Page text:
Hitch-22: A Memoir | By Christopher Hitchens | Twelve | 435 pages, $26.99
In early 1966, shortly after he moved to the United States, the witty and urbane English journalist Henry Fairlie wrote an extended essay about the American newspaper scene for Encounter, the London-based, CIA-sponsored periodical. Fairlie extolled the range, depth, and professionalism of American newspaper reporting. Halfway through his treatise, however, he delivered a tart observation: “That most American journalists have yet to learn to write is an accepted fact of American journalism, of every kind and at every level.” What mystified Fairlie, a veteran of London’s newspaper skirmishes, was the Americans’ “lack of style.”
Fifteen years later, another witty and urbane English journalist arrived in the U.S. with a single suitcase. His name was Christopher Hitchens, and he immediately began to offer—in the pages of Grand Street, In These Times, and The Nation, where he was soon given a column—master classes on the very subject that had vexed Henry Fairlie: literary style. Before long, his elegant and acrobatic prose drew the attention of leading New York publishers, and in 1988, when he was thirty-nine, his first collection appeared. Prepared for the Worst ranged far and wide: dispatches from the battlegrounds of Nicaragua, El Salvador, Lebanon, and Argentina; political pieces, etched in acid, on subjects from the Iran-contra affair to the rise of neoconservatives like Norman Podhoretz; and essays on Thomas Paine, George Orwell, Noam Chomsky, and Conor Cruise O’Brien. (It also showcased the author’s gift for the pithy concluding note, such as this parting shot at Tom Wolfe in a review of The Bonfire of the Vanities: “[W]hen Wolfe decides to mingle with the luckless and the downtrodden, he does so in the person of Mistah Kurtz rather than Mr. Pickwick.”)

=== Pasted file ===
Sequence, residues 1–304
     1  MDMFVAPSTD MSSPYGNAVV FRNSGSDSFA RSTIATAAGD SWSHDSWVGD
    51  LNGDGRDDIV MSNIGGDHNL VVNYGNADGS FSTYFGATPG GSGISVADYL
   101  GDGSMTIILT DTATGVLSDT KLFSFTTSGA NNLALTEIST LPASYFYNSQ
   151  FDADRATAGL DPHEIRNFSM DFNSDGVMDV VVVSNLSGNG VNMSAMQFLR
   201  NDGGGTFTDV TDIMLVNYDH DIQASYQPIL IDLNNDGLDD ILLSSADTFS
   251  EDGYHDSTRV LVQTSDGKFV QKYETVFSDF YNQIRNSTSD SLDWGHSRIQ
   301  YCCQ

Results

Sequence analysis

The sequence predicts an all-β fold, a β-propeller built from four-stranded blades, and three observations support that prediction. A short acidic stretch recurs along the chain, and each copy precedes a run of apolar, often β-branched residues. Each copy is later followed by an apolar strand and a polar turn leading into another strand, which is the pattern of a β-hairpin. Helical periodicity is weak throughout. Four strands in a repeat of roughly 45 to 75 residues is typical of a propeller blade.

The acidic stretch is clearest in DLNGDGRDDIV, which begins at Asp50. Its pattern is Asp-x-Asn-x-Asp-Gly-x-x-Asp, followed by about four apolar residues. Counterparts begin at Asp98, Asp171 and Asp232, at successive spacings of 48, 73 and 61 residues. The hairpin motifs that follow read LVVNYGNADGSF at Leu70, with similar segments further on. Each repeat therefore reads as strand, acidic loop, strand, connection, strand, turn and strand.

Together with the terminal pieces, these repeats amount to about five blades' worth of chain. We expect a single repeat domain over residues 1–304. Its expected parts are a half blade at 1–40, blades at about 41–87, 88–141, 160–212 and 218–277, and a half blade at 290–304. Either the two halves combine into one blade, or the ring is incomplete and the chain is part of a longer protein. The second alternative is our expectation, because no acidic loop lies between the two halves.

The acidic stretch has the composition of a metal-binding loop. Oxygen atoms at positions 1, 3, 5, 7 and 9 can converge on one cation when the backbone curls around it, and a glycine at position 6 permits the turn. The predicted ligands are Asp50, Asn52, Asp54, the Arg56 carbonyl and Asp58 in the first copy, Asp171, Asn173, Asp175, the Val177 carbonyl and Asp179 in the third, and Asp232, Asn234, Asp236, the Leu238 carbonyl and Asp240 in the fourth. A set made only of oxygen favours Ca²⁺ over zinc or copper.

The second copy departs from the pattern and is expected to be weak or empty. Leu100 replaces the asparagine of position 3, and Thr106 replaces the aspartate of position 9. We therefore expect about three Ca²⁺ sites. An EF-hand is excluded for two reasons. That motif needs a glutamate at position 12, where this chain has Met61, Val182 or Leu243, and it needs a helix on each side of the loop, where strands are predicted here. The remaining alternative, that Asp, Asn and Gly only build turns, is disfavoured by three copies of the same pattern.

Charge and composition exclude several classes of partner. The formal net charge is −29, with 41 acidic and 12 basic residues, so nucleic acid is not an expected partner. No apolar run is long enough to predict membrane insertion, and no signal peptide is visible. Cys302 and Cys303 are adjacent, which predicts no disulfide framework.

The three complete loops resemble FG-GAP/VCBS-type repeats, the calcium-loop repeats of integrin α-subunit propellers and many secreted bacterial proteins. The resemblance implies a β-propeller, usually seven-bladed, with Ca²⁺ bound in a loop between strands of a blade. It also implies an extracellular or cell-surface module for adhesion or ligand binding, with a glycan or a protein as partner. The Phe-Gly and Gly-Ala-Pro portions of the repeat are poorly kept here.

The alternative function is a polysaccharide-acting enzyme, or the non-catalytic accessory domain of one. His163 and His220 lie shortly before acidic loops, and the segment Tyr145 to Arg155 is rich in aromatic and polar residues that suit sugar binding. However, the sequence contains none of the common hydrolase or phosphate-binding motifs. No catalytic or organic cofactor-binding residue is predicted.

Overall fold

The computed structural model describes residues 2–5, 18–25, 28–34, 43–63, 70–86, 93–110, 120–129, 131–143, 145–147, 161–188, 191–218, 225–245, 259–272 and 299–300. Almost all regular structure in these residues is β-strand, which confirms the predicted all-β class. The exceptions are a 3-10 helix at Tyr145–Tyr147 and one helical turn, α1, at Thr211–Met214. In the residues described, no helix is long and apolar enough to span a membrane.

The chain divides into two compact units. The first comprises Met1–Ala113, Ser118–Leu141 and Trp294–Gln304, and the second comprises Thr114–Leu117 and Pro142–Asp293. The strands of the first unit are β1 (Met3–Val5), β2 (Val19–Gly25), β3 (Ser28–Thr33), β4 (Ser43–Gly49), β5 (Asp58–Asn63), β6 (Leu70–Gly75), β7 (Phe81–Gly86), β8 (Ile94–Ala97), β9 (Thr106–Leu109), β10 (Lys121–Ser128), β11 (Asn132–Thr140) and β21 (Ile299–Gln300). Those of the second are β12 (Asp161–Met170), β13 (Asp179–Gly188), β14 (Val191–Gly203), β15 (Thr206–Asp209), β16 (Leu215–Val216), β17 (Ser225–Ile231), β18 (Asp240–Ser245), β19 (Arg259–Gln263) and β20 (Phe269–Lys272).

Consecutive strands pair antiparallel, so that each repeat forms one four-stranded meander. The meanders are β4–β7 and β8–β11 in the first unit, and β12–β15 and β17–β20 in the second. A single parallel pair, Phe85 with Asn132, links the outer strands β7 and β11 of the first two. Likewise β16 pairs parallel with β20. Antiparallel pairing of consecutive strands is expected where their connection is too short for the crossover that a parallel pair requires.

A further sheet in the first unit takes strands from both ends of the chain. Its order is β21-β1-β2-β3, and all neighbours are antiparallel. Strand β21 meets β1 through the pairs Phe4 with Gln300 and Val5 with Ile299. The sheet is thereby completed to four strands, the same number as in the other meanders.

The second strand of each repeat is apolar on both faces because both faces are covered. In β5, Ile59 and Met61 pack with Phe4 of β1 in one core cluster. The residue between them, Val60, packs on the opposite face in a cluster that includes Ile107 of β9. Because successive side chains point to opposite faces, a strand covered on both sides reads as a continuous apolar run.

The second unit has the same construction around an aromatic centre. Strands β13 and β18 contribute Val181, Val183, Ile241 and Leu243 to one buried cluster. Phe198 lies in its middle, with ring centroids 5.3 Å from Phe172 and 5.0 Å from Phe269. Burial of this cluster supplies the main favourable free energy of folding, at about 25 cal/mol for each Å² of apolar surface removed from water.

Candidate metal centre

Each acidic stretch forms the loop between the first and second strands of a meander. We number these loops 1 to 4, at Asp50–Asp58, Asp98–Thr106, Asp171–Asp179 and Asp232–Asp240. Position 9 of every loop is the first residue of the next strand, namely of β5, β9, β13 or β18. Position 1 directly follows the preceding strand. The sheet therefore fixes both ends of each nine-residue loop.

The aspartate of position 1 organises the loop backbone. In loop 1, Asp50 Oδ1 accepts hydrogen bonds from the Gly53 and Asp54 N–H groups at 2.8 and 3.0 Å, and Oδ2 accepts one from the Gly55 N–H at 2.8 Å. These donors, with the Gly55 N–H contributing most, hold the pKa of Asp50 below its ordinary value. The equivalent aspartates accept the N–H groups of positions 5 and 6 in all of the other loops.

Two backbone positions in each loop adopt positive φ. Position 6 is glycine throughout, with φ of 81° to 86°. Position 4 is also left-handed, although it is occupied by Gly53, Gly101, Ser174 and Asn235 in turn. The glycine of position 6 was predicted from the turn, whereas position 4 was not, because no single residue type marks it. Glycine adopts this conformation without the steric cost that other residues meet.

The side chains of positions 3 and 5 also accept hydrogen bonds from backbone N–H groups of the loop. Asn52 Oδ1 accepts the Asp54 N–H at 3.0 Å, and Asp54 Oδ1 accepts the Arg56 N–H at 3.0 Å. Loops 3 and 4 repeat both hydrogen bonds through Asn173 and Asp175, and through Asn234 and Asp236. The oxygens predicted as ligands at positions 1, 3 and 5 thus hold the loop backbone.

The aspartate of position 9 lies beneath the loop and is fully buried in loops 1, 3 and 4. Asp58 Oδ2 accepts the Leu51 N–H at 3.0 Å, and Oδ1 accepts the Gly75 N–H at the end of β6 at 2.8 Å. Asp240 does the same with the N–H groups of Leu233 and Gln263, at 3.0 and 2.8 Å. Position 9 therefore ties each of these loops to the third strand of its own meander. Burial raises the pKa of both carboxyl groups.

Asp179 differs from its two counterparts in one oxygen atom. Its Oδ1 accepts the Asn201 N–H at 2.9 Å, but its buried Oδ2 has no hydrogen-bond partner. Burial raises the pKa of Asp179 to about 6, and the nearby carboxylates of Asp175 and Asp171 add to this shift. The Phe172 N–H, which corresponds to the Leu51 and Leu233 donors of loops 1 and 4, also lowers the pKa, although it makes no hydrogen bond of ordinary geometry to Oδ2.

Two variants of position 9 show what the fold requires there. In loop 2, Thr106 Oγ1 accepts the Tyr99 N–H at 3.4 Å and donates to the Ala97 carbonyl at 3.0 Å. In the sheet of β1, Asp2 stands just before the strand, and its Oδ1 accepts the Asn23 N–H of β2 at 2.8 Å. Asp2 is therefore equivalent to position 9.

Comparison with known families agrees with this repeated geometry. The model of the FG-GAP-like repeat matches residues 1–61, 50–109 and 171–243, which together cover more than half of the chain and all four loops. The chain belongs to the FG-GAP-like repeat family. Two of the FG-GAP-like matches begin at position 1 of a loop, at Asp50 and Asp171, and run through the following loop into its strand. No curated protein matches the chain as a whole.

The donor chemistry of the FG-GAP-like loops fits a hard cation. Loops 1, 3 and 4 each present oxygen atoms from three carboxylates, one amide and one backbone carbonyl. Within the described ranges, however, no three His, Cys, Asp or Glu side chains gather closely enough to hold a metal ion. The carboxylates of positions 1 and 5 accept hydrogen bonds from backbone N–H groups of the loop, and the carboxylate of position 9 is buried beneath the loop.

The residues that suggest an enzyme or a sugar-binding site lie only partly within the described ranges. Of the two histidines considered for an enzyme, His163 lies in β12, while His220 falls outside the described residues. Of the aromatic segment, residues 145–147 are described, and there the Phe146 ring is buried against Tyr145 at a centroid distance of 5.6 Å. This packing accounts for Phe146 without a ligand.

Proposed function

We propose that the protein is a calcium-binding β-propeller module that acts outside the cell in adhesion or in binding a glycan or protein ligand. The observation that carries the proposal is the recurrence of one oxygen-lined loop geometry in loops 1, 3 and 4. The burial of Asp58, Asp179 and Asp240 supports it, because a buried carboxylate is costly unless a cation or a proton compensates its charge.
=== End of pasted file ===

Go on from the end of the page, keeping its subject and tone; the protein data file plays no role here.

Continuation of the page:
Also impressive were the blurbs on the back cover from four notables: Oliver Stone (“a breath of Tom Paine for our time”), Salman Rushdie (he “deserves, in spite of his inexplicable wrongheadedness on pages 225–27, to be celebrated with much gusto”), Martin Amis (“When I see Mr. Hitchens’s name among a magazine’s contributors, I want to save him until last but always end up reading him first”), and Leon Edel (“Hitchens has wisdom colored by wit”). On a cursory glance, Edel’s endorsement seemed out of place. Surely the eighty-one-year-old scholar—who wrote a towering five-volume biography of Henry James and edited the journals of Edmund Wilson—represented the old guard. But Edel’s blurb was a telegram aimed at the American literary establishment, and its meaning was clear: here is an extremely precocious young writer fully at home in the quarterlies, the weeklies, the op-ed pages, and in the realm of literature. Look out.
The British theater critic Kenneth Tynan kept the following words above his writing desk: “Rouse tempers, goad and lacerate, raise whirlwinds.” In the 1980s and early 1990s, it seemed that Tynan’s credo had been tailored to fit the young Hitchens, whose persona in print somehow combined the wit of Oscar Wilde, the steely intelligence of Susan Sontag, the hard-bitten anti-imperialism of Gore Vidal, the bitchy humor of Truman Capote, and the swagger of Norman Mailer.
His rise was inexorable. In 1992 Hitchens became a columnist for Vanity Fair, and no writer in the country deserved the job more. He went on to write for every major periodical except The New Yorker, and produced a shelf of books. To be sure, his aura was partly the result of his exertions outside journalism: Hitchens loaned his linguistic firepower to a frail and demoralized American Left, and was an electrifying (if rumpled and grandiloquent) speaker at countless rallies and public events from Berkeley to Madison to Manhattan. In front of a microphone, his only real competition was the Rev. Jesse Jackson.
“Journalists cannot expect their work to last,” James Salter wrote in his introduction to A. J. Liebling’s memoir of Paris, Between Meals. “Even Dreiser’s or Hemingway’s articles are of little interest to us. . . . Autobiography, though, is another matter, as is memoir. . . . ” With his sixtieth birthday behind him, Hitchens has now written an account of his life. And the first chapter of Hitch-22, which concerns his mother, contains some of the most stirring prose of his career.